The Federated Union of Black Artists (FUBA) was established in 1978 to support black artists and a played pivotal role in training and advancing many careers, at a time when apartheid dispensation allowed for few other alternatives. In 1948 apartheid became the legal structure in South Africa. All aspects of social life became segregated and legislated. Black South Africans were barred from whites only educational institutions. The Bantu Education Act of 1953 is generally seen as a measure directed at downgrading schooling for black youth to restrict them to the unskilled labour market.
FUBA provided an alternative for aspirant black artists, its legacy is evident in the significant list of students and lectures associated with the centre, including the likes of David Koloane (FUBA’s first curator), Durant Sihali and Bongiwe Dhlomo - renowned figures of 20th century South African art.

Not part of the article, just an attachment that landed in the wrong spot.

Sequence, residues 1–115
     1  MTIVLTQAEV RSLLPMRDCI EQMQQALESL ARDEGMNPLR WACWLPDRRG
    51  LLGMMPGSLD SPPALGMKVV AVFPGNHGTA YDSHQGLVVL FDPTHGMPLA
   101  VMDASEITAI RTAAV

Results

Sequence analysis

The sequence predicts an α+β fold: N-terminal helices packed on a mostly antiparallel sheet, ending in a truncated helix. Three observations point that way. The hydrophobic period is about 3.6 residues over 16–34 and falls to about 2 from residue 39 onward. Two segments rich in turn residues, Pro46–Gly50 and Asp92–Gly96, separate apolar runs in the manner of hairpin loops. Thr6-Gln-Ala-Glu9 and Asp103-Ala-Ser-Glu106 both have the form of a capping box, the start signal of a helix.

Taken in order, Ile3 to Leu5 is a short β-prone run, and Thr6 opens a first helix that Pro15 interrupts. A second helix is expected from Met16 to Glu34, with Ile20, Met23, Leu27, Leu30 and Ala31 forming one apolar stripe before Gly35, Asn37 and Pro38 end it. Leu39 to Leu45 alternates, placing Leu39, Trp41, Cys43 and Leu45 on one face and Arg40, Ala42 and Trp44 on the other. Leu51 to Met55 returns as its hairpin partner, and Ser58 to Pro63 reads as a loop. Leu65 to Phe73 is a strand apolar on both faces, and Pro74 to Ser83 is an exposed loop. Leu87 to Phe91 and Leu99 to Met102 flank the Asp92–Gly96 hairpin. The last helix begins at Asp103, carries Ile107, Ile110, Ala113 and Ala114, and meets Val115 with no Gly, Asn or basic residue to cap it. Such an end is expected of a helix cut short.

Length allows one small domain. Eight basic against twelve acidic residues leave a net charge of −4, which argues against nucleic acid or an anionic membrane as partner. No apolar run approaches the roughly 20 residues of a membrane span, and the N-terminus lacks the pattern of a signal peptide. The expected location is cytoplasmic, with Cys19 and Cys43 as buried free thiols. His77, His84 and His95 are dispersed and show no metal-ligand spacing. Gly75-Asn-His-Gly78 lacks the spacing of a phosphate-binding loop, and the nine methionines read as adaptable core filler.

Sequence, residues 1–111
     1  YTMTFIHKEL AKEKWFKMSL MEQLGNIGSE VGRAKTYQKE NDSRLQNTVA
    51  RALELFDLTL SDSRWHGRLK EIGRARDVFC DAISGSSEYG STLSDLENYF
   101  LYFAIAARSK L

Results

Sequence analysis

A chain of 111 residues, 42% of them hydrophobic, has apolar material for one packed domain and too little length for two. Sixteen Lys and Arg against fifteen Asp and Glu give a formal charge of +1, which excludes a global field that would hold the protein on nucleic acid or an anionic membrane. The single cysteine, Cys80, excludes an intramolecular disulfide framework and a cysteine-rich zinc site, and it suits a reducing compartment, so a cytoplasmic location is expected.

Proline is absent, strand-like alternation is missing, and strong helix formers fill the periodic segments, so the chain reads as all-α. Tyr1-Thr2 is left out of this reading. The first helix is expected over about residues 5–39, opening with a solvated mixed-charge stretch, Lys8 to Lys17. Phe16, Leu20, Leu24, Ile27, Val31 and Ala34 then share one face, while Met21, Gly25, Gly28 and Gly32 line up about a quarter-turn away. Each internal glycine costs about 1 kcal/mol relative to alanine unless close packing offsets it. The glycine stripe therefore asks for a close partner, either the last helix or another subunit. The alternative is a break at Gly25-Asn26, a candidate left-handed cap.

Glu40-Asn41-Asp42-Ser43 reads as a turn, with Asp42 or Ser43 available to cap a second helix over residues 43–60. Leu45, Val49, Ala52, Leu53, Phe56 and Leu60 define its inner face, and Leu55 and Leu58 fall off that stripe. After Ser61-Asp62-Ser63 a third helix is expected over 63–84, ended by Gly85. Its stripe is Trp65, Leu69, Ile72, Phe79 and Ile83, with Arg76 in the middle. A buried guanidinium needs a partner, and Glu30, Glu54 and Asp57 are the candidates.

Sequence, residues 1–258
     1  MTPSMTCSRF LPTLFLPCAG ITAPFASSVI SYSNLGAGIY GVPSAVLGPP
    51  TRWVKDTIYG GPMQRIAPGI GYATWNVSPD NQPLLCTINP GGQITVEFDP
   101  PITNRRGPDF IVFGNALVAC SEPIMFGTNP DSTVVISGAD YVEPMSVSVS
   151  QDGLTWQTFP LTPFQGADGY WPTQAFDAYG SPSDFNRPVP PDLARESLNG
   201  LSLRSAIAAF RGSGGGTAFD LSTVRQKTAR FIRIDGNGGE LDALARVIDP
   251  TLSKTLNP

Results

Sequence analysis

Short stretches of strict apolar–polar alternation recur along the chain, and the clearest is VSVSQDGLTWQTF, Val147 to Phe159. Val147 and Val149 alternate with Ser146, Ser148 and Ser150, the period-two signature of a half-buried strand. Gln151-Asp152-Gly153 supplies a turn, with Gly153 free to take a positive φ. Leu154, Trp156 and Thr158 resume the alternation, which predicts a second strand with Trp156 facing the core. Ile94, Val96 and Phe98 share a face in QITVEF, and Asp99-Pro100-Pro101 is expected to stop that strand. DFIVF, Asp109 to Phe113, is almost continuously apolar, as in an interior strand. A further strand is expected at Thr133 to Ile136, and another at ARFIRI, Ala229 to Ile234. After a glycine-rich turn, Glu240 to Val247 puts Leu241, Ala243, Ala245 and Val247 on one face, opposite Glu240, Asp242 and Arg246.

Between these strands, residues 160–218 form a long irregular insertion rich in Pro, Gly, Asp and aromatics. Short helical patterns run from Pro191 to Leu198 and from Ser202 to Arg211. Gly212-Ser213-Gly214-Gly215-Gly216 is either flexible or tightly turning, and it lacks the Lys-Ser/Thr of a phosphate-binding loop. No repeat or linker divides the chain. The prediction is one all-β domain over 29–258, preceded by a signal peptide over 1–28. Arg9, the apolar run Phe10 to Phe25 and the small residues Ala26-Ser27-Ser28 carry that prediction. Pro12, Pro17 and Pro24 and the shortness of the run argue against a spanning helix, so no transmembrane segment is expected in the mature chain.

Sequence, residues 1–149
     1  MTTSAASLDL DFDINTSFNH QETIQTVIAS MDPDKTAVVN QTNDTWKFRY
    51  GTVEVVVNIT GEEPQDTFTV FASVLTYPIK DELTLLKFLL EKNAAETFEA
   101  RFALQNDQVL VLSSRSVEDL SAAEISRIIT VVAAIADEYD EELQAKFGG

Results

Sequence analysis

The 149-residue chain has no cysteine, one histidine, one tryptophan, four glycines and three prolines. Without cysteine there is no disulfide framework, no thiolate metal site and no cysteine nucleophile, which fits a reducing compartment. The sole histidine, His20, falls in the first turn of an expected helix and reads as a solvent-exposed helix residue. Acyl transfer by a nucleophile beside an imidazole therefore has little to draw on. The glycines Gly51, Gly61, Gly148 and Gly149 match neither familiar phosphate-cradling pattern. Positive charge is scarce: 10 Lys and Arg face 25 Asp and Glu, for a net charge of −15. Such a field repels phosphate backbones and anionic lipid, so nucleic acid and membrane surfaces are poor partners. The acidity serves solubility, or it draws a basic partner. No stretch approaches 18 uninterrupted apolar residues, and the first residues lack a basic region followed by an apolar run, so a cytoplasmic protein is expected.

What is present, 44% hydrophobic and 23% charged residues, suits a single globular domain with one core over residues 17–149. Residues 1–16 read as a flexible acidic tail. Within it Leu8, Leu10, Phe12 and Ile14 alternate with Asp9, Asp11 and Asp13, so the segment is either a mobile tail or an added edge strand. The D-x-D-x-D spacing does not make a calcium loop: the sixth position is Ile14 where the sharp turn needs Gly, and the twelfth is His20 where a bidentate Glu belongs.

FUBA’s considerable legacy and its influence on the development of late 20th Century South African Art, such as the Resistance Art movement, is an important part of South Africa’s cultural history. JAG’s FUBA archive represents a significant contribution to the Centre’s legacy, and is of important historical or cultural significance to South Africa. Lack of municipal funding, JAG’s main source of financial support, however means that much of the archive is in danger of deterioration. Insufficient storage and much needed preservation and restoration poses the greatest threat.
Artefacts and documents from the FUBA archives form an important partner piece to the The Evidence of Things Not Seen exhibition, and will provide the public a rare insight into this important historical resource.